A lanky, brooding Superman for the contemporary world

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By Matt Moore
Thursday, October 28, 2010

PHILADELPHIA -- The big "S'' is still on his chest, but the new Superman coming to the shelves of bookstores next week is not exactly the chipper and bright-eyed optimist of lore.

Instead, the kid from Krypton featured in "Superman: Earth One" that was released to comic-book shops Wednesday and is due in other bookstores on Tuesday sports a hoodie, a brooding brow and fashion sense that might be found in hipster lairs from Brooklyn to Seattle.

And that, said Dan DiDio, senior vice president and executive editor at DC Comics, is just what the company was aiming for when it approached J. Michael Straczynski, himself a noted comic-book writer who currently helms the company's flagship monthly "Superman" title.

"We always knew that we wanted to do a real, contemporary interpretation of Superman," he said. "And what we did is we reached out to Joe Straczynski. Joe is probably one of the biggest Superman fans out there." DiDio said DC Comics augured the retelling as a way to reach out to buyers not just in comic-book stores but in other bookstores, too -- fans of books and series like "Twilight" or Stieg Larsson's trilogy of crime novels.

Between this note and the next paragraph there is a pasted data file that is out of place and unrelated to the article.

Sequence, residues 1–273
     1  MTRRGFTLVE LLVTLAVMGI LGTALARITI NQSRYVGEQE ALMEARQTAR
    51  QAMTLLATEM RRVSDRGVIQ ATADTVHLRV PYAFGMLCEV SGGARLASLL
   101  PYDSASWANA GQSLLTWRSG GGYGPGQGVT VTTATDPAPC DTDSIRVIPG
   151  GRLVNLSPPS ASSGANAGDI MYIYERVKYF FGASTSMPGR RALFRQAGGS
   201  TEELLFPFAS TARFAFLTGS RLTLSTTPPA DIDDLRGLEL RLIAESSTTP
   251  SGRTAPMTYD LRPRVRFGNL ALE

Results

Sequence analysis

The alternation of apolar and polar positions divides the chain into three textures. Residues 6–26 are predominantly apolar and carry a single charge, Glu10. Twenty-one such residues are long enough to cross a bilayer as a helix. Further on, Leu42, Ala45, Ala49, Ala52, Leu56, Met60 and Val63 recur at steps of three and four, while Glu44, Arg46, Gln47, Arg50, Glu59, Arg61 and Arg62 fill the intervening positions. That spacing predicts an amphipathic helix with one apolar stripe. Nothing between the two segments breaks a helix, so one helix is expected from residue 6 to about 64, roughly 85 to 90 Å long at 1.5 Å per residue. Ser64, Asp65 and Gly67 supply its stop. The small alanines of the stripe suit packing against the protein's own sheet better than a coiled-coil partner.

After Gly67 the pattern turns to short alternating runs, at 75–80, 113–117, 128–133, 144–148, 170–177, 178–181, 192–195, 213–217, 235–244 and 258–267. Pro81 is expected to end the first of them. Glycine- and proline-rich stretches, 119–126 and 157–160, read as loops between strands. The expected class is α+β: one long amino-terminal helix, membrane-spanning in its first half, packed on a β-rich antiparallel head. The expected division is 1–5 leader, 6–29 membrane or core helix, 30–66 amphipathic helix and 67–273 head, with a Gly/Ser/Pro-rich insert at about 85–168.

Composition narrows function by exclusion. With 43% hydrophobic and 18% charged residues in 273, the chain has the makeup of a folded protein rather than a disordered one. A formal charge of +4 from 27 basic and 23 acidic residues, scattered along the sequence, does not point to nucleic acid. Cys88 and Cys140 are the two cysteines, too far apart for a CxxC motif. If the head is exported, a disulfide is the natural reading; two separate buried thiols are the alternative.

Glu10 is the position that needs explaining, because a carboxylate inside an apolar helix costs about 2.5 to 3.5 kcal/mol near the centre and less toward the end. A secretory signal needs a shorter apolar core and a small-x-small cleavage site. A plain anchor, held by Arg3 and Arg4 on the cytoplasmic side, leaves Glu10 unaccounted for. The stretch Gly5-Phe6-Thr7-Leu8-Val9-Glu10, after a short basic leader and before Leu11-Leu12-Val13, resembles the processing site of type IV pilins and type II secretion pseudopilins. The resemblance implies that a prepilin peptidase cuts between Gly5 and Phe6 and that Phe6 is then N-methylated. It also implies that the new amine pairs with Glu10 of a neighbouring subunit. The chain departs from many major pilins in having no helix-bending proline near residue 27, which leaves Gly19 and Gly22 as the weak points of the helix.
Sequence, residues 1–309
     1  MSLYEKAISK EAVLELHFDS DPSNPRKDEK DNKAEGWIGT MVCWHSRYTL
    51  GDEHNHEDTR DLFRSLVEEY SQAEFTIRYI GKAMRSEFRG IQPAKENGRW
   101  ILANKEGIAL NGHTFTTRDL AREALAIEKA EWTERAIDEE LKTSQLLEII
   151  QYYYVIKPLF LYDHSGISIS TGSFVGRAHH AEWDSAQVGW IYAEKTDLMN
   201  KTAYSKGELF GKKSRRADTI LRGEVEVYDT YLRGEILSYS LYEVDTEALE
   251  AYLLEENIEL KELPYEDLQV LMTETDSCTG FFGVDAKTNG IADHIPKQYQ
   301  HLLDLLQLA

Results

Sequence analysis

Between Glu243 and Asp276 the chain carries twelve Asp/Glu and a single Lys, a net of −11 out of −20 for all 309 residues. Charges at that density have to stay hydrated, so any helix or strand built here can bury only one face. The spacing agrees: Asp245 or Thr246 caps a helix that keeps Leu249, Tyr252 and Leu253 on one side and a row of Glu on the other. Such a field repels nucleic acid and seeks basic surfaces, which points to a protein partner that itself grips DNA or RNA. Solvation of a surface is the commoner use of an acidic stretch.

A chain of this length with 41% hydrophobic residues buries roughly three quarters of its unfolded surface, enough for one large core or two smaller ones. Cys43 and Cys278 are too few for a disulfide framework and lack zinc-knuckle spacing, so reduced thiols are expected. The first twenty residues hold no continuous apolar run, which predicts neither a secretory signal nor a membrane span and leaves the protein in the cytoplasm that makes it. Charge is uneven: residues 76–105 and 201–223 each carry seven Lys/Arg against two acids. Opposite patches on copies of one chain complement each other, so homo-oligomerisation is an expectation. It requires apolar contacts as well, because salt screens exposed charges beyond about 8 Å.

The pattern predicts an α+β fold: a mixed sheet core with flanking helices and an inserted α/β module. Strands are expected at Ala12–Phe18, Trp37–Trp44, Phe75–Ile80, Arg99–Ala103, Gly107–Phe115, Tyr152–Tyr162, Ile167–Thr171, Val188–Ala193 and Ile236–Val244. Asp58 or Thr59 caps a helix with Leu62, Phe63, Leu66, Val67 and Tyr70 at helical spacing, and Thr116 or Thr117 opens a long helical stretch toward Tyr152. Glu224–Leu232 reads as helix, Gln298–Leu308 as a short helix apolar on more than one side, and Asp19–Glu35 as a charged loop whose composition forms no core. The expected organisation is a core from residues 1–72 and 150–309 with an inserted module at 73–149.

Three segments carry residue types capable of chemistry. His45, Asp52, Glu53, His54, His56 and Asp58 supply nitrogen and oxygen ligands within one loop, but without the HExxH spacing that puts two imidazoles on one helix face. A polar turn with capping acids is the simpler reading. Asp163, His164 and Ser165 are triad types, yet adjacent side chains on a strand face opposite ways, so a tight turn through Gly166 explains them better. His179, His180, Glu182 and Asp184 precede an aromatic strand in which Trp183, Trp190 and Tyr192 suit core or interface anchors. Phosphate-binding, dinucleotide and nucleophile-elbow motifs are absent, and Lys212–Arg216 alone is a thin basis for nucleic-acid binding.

"In this particular case what we did is we looked at the format," he said, adding that DC Comics has been "showing great strides in . . . the bookstore marketplace, and what we wanted to do was to create an original graphic novel featuring our most prominent character that we felt captured a contemporary tone and really was built with the bookstore market in mind."

The work draws upon the Superman mythology but re-creates it for a contemporary audience with a 20-year-old Clark Kent who's unsure how to use his super abilities as he makes his way through a grittier, more realistic Metropolis trying to find not just a job but meaning and purpose.

Given the predicted demand, DC Comics is already planning a similar treatment for Batman, which will be written by Geoff Johns, a writer who was named DC Comics' chief creative officer in February.

-- Associated Press


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